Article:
The European Commission has warned Switzerland over tax breaks which it offers to companies who have their headquarters there.
Many firms have relocated to Zurich
A growing number of firms have moved their head offices to Switzerland because of advantages they can get on profits made within the EU.
The commission said the tax breaks were "unfair" as they differentiated between domestic and foreign income sources.
However, Switzerland said the argument was "unfounded".
There were no regulations between Switzerland and the EU on harmonising tax arrangements, so it was impossible to infringe rules, the Swiss government said.
Google, Kraft and IBM have all chosen Zurich as their European headquarters. Google is set to expand its Zurich office this year from about 300 staff to 1,600, making it the biggest Google office outside the US.
Swiss law allows individual cantons to grant full or partial regional and company tax exemptions on profits generated abroad.
These had provided a "formidable incentive" for companies to base themselves in Cantons such as Schwyz and Zug to "minimise their tax liabilities", the commission said.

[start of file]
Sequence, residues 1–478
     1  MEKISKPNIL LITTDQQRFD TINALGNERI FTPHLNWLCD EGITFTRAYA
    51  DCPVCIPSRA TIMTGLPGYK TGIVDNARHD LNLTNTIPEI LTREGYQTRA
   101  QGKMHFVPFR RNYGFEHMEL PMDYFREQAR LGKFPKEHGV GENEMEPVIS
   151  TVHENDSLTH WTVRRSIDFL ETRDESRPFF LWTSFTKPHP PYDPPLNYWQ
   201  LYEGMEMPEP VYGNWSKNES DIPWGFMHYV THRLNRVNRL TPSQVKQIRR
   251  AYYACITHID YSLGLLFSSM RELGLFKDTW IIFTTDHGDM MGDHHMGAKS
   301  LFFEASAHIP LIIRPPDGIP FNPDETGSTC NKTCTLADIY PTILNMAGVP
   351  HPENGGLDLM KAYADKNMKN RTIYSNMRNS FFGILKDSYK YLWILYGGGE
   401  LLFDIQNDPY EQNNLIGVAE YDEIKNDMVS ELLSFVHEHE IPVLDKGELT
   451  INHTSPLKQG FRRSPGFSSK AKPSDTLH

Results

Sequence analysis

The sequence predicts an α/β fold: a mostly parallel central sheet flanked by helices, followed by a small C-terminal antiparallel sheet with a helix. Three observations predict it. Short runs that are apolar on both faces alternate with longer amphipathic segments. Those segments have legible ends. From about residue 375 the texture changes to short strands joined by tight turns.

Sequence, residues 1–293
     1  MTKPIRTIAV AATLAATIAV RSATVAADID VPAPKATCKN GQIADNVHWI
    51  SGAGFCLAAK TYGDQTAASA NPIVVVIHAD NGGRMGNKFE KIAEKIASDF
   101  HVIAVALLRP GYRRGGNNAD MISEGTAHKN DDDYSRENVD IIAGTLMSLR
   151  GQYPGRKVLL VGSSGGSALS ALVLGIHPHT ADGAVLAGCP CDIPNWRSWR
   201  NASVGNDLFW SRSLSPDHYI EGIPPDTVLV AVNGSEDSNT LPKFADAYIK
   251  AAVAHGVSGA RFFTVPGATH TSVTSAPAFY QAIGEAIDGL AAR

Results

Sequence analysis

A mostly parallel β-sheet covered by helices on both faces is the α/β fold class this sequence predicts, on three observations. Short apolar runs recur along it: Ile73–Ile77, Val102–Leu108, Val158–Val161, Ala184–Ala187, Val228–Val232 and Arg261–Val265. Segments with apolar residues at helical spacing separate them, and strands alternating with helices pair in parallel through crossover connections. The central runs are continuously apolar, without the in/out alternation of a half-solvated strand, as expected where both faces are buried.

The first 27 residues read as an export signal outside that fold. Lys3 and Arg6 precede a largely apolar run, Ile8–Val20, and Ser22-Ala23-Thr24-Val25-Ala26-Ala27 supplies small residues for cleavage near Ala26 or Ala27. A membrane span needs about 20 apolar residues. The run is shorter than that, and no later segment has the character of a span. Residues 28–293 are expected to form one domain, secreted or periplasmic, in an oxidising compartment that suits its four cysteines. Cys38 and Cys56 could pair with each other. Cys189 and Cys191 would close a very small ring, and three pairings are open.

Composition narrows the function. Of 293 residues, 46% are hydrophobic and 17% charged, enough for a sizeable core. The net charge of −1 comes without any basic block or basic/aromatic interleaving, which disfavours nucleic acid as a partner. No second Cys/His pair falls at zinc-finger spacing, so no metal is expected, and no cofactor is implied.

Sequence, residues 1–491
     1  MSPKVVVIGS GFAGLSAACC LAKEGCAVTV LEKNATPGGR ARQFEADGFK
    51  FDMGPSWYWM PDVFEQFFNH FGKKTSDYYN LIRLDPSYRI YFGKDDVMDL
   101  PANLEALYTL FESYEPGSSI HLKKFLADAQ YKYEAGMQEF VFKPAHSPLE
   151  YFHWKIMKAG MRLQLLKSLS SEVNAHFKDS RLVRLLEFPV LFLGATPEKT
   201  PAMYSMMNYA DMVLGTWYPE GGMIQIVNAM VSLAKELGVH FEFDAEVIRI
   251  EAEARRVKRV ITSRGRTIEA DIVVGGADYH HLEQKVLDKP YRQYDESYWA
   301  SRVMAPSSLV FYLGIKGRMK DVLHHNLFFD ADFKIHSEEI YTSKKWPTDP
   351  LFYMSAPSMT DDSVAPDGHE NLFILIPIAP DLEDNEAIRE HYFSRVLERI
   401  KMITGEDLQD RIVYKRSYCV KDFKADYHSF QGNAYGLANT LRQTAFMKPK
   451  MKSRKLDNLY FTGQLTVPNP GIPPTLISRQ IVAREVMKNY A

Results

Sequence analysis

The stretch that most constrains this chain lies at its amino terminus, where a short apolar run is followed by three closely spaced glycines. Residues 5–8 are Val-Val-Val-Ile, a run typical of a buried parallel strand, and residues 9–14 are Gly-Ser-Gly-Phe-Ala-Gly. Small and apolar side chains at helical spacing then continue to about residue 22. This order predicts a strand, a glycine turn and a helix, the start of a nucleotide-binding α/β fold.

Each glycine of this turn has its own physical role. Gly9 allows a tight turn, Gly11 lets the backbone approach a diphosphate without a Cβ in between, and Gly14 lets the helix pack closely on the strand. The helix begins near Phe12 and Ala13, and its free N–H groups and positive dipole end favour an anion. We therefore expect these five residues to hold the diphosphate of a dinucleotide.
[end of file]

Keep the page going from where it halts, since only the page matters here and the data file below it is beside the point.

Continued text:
It added that Switzerland's refusal to change those rules breached a 1972 agreement between the EU and Switzerland not to offer subsidies that affected competition.
While Switzerland is not a member of the EU, it has agreed to apply most EU trade rules.
In return, Switzerland is given access to EU customers.
"Switzerland enjoys the benefits of privileged access to the internal market and must accept the responsibilities that go along with this," said EU external relations commissioner, Benita Ferro-Waldner.
"The decision the commission has taken is not about tax competition, but about the state aid undermining the level playing field necessary for partnership and trade relations between Switzerland and the EU."
The commission gave no indication of what measures could be taken against Switzerland if an agreement was not reached.